Will the real William Shakespeare stand up? England’s greatest wordsmith depicted some of the meatiest characters and episodes in history and legend – yet left us virtually nothing written in his own hand, nor little concrete knowledge about his own life. Instead, a series of clues in the shape of centuries-old houses, some revealing lines in his plays and sonnets, and the landscapes of the heart of England around Warwick, Kenilworth, Leamington Spa and Stratford-upon-Avon.
Exploring the scenes of Shakespeare’s early years, and the landmarks dotting his homeland, is spiced up this year by special events and attractions celebrating not only the 450th anniversary of the bard’s birth but also 1,100 years since the first fortification was built at Warwick.
The roll-call of attractions studding Shakespeare’s England reads like a shortlist of things children love best – mighty castles, funny shows, dressing up, tales of ancient battles, kings, knights and princesses, and the world’s largest catapult – with its central location and great accommodation making for an ideal family break.
Warwick Castle is everything an English fortress should be: looming towers flanked by imperious battlements, jousting tournaments, bird-of-prey displays and a huge trebuchet with an 18m-long arm – the planet’s largest siege engine. All attractions have been revamped for this anniversary year; try medieval glamping in pennant-topped tents.
Warwick Castle (01926 495421; warwick-castle.com; £30.60, child £25.80, family £107.40 including Merlin: Dragon Tower and Castle Dungeon, advance discounts available; open daily except Christmas Day).
Bard for life
For the juvenile Shakespeare, a visit to grandma’s meant a day on Mary Arden’s Farm. The Tudor homestead where the playwright’s mother grew up is populated with costumed characters, providing a snapshot of 16thcentury domestic life. Follow with a visit to Shakespeare’s Birthplace, where actors recite favourite scenes in the garden and special exhibitions celebrate the bard’s 450th birthday, Or visit the Royal Shakespeare Company where family activities take place throughout the year. Mary Arden’s Farm (01789 293455; shakespeare.org.uk; £12.50, child £8; open daily to early November); Shakespeare Five House Pass, covering all main sites: £23.90, child £14 Royal Shakespeare Company (0844-800 1110; rsc.org.uk)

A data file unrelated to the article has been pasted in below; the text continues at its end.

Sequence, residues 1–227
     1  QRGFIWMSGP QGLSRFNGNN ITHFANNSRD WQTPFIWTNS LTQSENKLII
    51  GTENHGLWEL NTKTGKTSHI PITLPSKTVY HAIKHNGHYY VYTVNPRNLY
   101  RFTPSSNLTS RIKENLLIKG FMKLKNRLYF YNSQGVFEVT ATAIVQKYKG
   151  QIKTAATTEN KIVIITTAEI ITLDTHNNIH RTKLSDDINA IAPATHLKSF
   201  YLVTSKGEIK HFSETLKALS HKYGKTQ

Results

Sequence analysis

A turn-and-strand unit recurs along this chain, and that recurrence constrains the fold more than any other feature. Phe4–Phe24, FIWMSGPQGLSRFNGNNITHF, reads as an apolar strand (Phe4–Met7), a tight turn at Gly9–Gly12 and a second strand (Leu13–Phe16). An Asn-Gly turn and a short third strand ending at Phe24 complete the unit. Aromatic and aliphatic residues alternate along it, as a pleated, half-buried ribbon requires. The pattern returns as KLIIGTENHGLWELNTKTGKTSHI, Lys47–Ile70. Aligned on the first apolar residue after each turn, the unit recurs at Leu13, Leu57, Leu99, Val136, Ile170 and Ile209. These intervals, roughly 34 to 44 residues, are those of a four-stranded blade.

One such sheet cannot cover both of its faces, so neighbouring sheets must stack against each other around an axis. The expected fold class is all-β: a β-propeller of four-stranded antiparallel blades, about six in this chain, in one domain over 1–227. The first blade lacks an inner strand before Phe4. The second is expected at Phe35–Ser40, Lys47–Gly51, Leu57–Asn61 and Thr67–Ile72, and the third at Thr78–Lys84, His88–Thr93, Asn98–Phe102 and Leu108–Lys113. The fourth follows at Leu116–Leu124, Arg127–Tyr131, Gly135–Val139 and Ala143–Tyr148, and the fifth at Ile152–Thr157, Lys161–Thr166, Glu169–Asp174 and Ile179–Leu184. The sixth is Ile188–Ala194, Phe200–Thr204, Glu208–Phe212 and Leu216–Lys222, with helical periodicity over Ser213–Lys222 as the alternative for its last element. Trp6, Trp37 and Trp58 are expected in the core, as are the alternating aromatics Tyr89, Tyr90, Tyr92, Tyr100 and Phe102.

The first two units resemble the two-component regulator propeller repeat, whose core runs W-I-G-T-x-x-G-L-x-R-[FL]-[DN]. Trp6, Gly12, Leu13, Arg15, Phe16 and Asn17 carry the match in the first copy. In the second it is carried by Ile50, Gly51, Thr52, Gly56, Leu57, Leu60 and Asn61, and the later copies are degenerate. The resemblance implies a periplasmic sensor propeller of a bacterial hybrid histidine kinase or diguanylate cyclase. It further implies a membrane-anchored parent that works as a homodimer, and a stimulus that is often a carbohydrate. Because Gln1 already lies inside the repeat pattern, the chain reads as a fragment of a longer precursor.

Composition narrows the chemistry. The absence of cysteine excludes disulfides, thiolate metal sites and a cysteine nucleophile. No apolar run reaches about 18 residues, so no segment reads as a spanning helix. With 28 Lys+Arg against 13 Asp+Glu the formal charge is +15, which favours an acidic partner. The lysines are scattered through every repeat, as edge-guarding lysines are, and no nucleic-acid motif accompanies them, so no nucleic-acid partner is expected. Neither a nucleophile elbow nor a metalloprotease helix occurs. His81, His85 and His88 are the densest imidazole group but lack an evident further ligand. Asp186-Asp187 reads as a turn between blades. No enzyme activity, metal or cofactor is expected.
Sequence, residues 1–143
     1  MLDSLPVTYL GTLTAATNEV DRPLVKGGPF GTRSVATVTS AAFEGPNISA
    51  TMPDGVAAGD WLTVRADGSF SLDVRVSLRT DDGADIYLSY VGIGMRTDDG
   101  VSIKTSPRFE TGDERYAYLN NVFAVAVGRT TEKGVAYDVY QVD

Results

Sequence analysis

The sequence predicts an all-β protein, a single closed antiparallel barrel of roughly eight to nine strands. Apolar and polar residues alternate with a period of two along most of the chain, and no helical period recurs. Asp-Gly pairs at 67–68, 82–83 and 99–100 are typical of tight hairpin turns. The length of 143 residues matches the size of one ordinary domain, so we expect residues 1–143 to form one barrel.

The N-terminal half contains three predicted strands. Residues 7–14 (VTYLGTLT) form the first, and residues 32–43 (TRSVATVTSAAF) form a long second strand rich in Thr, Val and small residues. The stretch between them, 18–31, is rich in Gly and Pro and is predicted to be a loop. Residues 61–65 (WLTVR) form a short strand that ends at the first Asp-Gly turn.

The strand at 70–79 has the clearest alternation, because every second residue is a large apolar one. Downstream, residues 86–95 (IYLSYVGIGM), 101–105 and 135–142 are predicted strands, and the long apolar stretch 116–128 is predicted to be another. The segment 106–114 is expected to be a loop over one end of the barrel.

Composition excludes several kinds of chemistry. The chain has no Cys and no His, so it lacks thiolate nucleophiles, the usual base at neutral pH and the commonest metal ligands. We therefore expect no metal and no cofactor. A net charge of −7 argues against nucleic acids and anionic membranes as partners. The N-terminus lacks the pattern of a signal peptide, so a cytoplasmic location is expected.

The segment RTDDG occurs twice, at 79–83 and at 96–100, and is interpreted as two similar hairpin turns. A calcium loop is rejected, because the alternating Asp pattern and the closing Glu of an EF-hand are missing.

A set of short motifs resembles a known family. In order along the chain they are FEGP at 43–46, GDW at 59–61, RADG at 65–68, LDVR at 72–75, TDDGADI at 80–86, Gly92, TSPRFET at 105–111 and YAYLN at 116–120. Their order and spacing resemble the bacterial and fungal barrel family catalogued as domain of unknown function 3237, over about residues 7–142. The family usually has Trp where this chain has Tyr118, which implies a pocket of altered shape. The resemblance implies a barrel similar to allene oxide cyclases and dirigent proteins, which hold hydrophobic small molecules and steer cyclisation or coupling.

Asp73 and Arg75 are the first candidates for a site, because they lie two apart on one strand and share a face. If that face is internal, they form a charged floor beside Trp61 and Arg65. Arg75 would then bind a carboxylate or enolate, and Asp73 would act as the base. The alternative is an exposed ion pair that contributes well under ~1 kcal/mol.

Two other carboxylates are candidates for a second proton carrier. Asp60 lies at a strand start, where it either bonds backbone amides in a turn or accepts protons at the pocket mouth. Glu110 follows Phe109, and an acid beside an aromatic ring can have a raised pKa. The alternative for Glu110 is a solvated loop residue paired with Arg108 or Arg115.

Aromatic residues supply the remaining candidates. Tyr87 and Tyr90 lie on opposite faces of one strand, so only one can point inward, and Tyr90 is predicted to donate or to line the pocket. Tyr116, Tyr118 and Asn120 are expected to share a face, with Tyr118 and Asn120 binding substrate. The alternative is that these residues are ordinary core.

Flights of fancy
The machinations of Iago and Claudius are nothing compared with the devilishly complex contraptions on show at the MAD Museum. Marbles tumble and figures perform pirouettes as kinetic artworks and wondrous automata clunk and whirr. More mechanical marvels can be found at the Heritage Motor Centre, tracing the evolution of cars over a century and more – discover how Britain’s history has changed the way we get around. Elsewhere, the mysteries of metamorphosis are revealed at the Butterfly Farm, where spiders, beetles and all manner of bugs join more than 1,500 free-flying butterflies.
MAD Museum (01789 269356; themadmuseum.co.uk; £6.80, child £5.50; open daily) Heritage Motor Centre (01926 641188; heritage-motor-centre.co.uk; £12, child £8; open daily) Butterfly Farm (01789 299288; butterflyfarm.co.uk; £6.25, child £5.25; open daily)
Getting there The M40 runs between Stratford and Warwick, providing easy access to both. Regular trains serve London (Stratford two hours, Warwick 90 minutes), Birmingham (Warwick 30 minutes, Stratford 50 minutes) and beyond.
Mercure Shakespeare (024-7709 2802; mercure.com) Doubles from £56, room only. The Stratford (01789 271000; qhotels.co.uk) Doubles from £107.10, w/breakfast. Legacy Falcon Hotel (0844-411 9001; www.legacy-hotels.co.uk) Doubles from £90. Alveston Manor Hotel (01789 205478; macdonaldhotels.co.uk) Doubles from £95. Ardencote Manor (01926 843111; ardencote.com) Doubles from £115, w/breakfast.
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